At trial, Deputy Director Majett testified that he did not believe any of appellee's allegations amounted to fraud, an abuse of authority, or a violation of law, rule, or regulation. Nonetheless, he stated that if appellee's allegations were (. . .continued) taken as true, " [Harris] was a poor manager." During his testimony, Harris denied instructing Chichester and Edmonds to backdate the sign-in sheets. At the close of all of the evidence, the District renewed its motion for judgment as a matter of law, which the trial court again denied. Prior to jury deliberations, the trial court instructed the jury with regard to what constituted a " protected disclosure" under the WPA:

An employee's belief that information she discloses to a supervisor or public body that evidences gross mismanagement, abuse of authority, or violation of relevant law is reasonable when a disinterested observer with knowledge of the essential facts, known to and readily ascertainable by the employee, could reasonably conclude that the government's actions evidence gross mismanagement.

The jury subsequently returned a verdict in appellee's favor on her WPA claim, and the trial court accordingly entered judgment in appellee's favor on July 28, 2010.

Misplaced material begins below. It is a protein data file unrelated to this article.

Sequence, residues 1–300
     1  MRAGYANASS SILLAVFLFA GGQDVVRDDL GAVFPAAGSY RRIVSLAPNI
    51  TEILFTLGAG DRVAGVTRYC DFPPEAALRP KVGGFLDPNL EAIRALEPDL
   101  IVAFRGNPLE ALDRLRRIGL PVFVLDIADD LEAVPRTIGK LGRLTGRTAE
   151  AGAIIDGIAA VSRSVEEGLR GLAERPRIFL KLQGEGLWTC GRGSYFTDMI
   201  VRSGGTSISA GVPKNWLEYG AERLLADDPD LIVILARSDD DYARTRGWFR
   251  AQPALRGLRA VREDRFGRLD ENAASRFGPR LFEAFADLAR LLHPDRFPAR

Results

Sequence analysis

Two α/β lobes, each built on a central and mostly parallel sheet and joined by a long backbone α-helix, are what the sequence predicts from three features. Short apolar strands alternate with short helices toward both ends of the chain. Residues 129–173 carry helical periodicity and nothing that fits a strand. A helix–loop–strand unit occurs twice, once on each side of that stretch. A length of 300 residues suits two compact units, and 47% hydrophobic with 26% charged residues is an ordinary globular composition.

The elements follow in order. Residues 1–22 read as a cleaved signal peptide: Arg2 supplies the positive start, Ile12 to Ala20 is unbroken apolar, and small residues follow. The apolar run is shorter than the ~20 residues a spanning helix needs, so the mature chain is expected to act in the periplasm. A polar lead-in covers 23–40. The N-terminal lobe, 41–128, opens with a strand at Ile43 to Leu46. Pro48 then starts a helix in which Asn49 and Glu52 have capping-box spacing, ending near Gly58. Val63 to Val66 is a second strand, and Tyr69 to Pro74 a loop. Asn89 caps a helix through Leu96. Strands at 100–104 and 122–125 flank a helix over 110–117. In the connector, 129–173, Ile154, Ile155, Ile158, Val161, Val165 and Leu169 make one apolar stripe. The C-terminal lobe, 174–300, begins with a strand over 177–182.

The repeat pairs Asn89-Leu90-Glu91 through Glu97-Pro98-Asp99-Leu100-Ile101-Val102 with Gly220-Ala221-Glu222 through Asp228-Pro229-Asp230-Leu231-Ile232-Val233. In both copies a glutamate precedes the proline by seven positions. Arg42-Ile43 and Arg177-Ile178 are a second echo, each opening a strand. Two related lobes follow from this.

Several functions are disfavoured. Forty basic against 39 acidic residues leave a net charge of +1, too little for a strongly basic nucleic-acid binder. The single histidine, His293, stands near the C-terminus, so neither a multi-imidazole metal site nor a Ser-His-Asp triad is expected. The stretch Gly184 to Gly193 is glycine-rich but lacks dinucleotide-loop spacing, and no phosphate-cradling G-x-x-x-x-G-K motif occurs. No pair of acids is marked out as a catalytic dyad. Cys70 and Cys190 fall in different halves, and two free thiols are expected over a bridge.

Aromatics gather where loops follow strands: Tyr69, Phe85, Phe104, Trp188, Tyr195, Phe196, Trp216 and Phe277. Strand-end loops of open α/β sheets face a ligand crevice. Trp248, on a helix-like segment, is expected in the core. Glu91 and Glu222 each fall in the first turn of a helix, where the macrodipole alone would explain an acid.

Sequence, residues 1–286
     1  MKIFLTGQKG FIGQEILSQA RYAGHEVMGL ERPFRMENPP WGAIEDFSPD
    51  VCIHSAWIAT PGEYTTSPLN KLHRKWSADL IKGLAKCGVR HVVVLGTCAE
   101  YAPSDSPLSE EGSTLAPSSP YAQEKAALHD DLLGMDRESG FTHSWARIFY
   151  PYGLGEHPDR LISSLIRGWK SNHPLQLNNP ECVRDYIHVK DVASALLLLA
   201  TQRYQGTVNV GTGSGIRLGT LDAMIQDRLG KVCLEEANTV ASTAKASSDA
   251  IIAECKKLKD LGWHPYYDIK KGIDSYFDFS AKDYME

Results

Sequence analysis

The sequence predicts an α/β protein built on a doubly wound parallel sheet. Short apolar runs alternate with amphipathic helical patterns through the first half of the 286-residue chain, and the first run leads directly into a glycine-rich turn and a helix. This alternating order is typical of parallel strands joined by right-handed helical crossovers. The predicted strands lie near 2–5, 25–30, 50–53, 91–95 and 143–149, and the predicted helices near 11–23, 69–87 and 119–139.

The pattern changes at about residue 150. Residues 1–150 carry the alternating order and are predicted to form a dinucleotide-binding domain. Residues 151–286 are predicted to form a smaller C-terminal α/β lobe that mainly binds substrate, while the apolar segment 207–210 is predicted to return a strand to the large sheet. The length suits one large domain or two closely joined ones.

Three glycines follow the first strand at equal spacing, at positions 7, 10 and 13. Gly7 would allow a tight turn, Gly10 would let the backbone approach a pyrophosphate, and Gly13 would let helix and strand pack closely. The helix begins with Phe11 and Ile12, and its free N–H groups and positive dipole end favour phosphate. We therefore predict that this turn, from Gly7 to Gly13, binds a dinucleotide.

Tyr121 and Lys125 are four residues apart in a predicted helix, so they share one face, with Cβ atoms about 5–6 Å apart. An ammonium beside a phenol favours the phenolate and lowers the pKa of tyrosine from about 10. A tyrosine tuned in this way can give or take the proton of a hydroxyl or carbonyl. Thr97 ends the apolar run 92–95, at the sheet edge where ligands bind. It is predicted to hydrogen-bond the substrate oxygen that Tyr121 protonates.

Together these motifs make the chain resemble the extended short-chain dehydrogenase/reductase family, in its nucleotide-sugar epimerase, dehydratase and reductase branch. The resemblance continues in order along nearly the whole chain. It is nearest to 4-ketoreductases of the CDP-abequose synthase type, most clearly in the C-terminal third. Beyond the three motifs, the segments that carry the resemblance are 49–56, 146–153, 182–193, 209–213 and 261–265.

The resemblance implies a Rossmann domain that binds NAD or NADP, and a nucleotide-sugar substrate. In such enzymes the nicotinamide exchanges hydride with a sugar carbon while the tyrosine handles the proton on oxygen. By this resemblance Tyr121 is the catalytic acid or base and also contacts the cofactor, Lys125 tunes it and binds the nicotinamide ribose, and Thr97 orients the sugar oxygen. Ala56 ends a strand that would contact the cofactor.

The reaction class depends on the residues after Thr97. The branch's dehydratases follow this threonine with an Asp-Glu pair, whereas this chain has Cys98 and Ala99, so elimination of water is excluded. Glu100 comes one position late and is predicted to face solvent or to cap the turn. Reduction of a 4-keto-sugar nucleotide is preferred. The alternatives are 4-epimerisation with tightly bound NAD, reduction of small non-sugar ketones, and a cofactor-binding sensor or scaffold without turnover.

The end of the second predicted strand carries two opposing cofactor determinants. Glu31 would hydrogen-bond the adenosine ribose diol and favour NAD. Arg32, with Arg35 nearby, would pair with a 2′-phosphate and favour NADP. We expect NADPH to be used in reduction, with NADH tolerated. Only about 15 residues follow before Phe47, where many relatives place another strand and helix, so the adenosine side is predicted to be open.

On August 16, 2010, the District moved for judgment notwithstanding the jury's verdict and for a new trial, arguing that the alleged disclosures did not constitute " protected disclosures" under the WPA as a matter of law, which the trial court denied, noting that it " d[id] not find that the record support[ed] [the District's] position[,]" and that " [t]here certainly was evidence to support [appellee's] contention that her disclosure of allegedly falsified sign-in sheets led to the adverse actions that were taken against her." Accordingly, " [g]iven the evidence presented, the court [could not] find -- particularly in the light most favorable to the [appellant,] . . . -- that no reasonable juror could have found that the [appellant's] complaint regarding the sign-in sheets was a protected disclosure under the WPA." [6] This consolidated appeal followed.

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II. Discussion

The District claims that it is entitled to judgment as a matter of law because appellee failed to present sufficient evidence that she made a " protected disclosure" as part of the first element for a prima facie WPA claim.[7] D.C. Code § 1-615.52 (a)(6).

This court will reverse a trial court's denial of a motion for judgment as a matter of law notwithstanding the verdict only if no reasonable juror, viewing the evidence in the light most favorable to the prevailing party, could have reached the verdict in that party's favor. Giordano v. Sherwood, 968 A.2d 494, 497 (D.C. 2009) (citation omitted); Railan v. Katyal, 766 A.2d 998, 1006 (D.C. 2001). The prevailing party is entitled to the benefit of every reasonable inference from the evidence. Homan v. Goyal, 711 A.2d 812, 817-18 (D.C. 1998) (citations omitted).